Yes, says Laurie Peak, public art co-ordinator at the Biennial – but with reservations.
She says: "People always say why should we spend money on art, why not on health or education or such like? Well I would never argue that art was more important than those services, that would be stupid. But so would saying that all art is a waste. It might be harder to quantify, but public art that involves communities can without a doubt inspire people, bring them together. We are working with Gross Max, the architects, to create a hanging garden in a really run down part of the city – it is art, but it will be used, and will help the area to flourish again. Art, developed in conjunction with the people, can give a sense of place and pride.
"And look at the Gormley statues in Crosby. Since they went up, the area has new toilets; extra cleaning patrols, the beach is used and thought of fondly, and people travel from the city centre to an area they might well never have known existed."
Public art, says Peak, gets a bad reputation: "Sometimes it is fair enough to criticise it. It all comes down to how you use the money – either through a proper and fair commissioning process that takes into account what people want, or through an old boys' network that wastes the money on something nobody wants."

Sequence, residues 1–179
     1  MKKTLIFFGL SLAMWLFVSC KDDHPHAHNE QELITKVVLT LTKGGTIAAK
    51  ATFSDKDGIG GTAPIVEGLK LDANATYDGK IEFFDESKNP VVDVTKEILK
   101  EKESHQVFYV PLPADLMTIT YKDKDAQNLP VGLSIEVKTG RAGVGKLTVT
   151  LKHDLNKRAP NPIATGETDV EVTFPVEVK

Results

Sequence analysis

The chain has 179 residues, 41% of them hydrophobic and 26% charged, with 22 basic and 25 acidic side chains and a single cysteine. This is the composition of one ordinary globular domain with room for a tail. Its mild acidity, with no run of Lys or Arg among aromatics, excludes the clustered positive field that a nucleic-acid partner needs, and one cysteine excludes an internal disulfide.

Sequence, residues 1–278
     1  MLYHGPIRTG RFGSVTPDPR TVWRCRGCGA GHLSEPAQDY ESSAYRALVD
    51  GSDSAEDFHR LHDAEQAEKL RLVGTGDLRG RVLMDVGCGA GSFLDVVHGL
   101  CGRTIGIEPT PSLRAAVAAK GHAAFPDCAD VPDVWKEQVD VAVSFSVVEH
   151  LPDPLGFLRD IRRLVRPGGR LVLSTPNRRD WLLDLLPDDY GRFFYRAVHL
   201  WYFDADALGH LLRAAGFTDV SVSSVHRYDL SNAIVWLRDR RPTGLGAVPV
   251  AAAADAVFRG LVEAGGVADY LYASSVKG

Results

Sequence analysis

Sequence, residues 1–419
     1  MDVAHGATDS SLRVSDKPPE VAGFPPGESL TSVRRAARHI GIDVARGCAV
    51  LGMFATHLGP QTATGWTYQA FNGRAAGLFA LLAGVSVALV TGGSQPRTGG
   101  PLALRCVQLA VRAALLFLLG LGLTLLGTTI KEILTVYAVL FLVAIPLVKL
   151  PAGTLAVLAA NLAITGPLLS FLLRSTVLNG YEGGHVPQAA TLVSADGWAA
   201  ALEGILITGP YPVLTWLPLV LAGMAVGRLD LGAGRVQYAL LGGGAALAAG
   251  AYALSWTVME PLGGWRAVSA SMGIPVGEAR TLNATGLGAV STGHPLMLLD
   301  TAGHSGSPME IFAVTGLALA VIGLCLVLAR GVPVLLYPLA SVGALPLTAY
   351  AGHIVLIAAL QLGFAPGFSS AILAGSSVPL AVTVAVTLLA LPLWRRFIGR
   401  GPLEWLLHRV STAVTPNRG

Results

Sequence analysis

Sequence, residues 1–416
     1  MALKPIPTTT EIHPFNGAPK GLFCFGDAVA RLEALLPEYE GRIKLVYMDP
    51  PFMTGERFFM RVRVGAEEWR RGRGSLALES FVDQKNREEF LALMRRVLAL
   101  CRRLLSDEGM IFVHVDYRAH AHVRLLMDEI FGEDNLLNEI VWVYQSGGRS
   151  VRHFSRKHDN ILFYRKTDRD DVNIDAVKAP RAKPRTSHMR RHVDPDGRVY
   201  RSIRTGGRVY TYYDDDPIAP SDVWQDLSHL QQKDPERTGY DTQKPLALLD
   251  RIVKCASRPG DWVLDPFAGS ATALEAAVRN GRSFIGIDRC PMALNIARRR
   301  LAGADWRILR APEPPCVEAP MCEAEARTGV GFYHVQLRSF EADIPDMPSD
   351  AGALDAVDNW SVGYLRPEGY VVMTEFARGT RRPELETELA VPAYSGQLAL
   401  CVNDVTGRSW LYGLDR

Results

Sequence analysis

Study after study – from all across the world – has shown that public art, when done well, can lead to economic improvements and raised levels of aspiration.
Private developers also recognise its value. Keepmoat is the developer working on housing market renewal in Sefton and Liverpool.
Project manager Louise Shankster says: "It is not just about building houses. You can't just go in, build some houses, and hope it works. These areas are in failure – something has gone badly wrong. It is about responding to what the people want; helping build the kind of community they want to see. We have found they have quite simple desires – a nice house, a garden, a quiet street, and an attractive environment. That could mean parks – and open spaces are essential – and it could mean an element of art. Whatever they want, they should be listened to – they're the ones who will be living there.
"And public art can be all kinds of things – why can't it be a climbing frame, a piece of art that doubles as a plaything for the children?"